PENALTY: MINOR. (captain’s choice of players)

Rationale: Adding a penalty to this rule creates a consequence for non-compliance. This addition creates consistency regarding the penalty structure within this section of the rules.

4-6-4 NEW: ART. 4 . . . All provisions of Rule 4-6, including the major penalty and suspension, shall apply for a game disqualification penalty assessed to a coach or other team personnel.

Rationale: Current wording only refers to players, when the intent of the game disqualification penalty is to have the same consequences apply for all participants.

4-7-3: ART. 3 . . . The penalty shot shall be taken by the player fouled. If no player has been fouled, or if the fouled player is injured, the shot may be taken by any player of the non-offending side who is on the ice not serving a penalty when play is stopped to awardthe penalty shot (captain’s choice of players).

Rationale: This would be consistent with other “captain’s choice” rules.  This change would also make the NFHS rule consistent with most other rules codes.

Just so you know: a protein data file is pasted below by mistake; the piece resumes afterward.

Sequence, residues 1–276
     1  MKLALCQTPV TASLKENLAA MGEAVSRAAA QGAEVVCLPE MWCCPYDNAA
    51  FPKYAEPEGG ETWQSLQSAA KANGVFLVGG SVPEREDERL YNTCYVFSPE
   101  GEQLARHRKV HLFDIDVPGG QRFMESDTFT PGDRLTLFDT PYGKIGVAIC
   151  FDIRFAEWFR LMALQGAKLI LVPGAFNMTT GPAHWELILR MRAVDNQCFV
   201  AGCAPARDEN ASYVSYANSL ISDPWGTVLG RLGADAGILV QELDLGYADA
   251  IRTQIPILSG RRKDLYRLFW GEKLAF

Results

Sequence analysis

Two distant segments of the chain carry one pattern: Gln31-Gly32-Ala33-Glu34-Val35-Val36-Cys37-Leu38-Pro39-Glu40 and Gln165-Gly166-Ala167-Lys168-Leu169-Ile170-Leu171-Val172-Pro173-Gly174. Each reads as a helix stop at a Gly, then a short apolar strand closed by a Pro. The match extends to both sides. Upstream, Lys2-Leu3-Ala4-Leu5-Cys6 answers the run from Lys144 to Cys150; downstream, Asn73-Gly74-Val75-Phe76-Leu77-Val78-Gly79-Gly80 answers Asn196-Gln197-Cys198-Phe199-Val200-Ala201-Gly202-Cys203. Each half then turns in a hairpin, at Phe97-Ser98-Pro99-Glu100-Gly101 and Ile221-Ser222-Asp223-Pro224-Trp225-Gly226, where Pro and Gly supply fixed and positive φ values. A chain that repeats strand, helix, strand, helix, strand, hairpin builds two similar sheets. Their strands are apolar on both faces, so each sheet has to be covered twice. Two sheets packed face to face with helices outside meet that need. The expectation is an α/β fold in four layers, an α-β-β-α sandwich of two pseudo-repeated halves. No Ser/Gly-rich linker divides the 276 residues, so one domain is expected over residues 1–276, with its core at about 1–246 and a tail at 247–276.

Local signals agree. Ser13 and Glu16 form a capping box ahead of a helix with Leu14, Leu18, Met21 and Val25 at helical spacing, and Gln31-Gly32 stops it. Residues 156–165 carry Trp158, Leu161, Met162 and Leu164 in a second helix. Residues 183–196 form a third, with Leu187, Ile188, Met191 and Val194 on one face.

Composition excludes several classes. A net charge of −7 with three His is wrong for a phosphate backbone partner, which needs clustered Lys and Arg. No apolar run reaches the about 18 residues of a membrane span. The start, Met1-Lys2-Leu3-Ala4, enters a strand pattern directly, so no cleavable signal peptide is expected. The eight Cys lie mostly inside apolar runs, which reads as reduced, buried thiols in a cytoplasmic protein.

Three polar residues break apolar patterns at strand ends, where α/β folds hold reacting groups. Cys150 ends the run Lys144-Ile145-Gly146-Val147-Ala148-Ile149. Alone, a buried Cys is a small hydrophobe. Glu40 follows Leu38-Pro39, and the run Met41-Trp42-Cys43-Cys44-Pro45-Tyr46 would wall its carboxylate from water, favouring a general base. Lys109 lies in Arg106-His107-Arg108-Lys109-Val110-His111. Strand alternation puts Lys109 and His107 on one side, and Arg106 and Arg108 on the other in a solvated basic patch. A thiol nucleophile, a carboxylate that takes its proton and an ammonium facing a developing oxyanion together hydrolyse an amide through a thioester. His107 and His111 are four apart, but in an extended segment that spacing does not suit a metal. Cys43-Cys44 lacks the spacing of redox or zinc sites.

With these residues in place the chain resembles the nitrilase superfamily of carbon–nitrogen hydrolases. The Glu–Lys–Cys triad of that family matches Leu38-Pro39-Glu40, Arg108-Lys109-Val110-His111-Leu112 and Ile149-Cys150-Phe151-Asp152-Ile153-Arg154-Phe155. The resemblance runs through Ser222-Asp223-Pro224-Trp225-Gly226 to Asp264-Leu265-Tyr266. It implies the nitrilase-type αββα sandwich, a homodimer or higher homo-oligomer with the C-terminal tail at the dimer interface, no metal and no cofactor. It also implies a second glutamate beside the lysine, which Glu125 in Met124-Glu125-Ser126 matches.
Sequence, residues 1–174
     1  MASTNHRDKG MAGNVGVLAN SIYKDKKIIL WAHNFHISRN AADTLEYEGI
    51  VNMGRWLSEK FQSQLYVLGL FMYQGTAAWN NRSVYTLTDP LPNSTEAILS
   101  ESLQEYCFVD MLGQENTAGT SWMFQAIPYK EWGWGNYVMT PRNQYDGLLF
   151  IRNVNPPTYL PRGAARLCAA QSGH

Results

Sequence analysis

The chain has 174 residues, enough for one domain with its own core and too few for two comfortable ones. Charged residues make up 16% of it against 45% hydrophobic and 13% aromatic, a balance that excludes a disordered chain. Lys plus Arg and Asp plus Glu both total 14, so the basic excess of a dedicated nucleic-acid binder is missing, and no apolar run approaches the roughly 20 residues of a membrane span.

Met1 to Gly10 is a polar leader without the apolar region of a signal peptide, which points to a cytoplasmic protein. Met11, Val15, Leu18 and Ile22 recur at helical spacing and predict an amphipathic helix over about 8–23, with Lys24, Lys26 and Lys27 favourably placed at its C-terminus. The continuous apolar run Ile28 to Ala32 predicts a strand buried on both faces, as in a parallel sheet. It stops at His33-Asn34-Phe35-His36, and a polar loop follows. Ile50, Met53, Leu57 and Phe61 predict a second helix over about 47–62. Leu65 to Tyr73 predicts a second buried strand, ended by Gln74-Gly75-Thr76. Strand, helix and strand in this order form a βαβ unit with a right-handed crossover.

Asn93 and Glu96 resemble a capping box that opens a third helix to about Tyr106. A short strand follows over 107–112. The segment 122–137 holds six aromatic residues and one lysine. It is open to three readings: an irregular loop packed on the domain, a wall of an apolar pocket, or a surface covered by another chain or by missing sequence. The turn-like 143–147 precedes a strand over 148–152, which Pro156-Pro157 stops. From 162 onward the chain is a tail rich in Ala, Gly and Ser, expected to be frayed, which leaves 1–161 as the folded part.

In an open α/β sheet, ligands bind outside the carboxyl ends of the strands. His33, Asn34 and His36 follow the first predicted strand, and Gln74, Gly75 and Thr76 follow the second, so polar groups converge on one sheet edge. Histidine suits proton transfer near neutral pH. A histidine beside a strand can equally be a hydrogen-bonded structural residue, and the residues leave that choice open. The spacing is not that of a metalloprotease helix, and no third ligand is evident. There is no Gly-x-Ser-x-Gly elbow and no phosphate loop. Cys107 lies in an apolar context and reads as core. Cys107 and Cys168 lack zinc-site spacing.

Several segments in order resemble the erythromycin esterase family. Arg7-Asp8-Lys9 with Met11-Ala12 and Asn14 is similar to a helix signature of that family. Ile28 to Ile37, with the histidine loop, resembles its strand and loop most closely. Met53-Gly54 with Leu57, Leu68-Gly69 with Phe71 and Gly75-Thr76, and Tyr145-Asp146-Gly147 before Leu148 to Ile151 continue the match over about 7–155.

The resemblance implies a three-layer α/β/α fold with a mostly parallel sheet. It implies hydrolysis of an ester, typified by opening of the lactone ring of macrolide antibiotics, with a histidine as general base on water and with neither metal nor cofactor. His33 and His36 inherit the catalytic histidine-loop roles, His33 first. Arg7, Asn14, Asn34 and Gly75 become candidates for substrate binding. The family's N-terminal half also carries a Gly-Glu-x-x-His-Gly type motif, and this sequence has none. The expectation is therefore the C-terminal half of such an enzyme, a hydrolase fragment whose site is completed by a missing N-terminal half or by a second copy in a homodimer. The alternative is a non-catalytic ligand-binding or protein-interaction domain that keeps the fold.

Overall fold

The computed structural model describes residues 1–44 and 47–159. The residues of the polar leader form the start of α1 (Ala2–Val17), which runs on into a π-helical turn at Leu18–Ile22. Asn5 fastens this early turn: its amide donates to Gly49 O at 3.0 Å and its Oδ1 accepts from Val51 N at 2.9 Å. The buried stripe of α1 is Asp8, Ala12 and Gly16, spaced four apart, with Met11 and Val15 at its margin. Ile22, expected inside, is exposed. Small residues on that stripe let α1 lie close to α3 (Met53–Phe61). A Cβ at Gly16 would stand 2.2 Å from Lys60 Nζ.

Current NFHS rules do not address designating a replacement player due to injury.

6-1-6: ART6 . . . No player, coach or other team personnel shall use any racial, ethnic or gender slur directed at officials or others during the warm-up, during the progress of the game, or during an intermission or after the game.

Rationale: Use of this language is highly inflammatory and can often escalate to major in-game problems.  It frequently becomes an issue requiring involvement of school administrators and state associations.  It also attracts media attention that reflects poorly on our sport, particularly if they feel that it has not been properly addressed.

7-6-2,3: ART. 2 . . . Direct contact to the head or neck area is a flagrant foul under this rule. Direct contact occurs when the initial force of the contact occurs to the head or neck area.

PENALTY: MAJOR or GAME DISQUALIFICATION.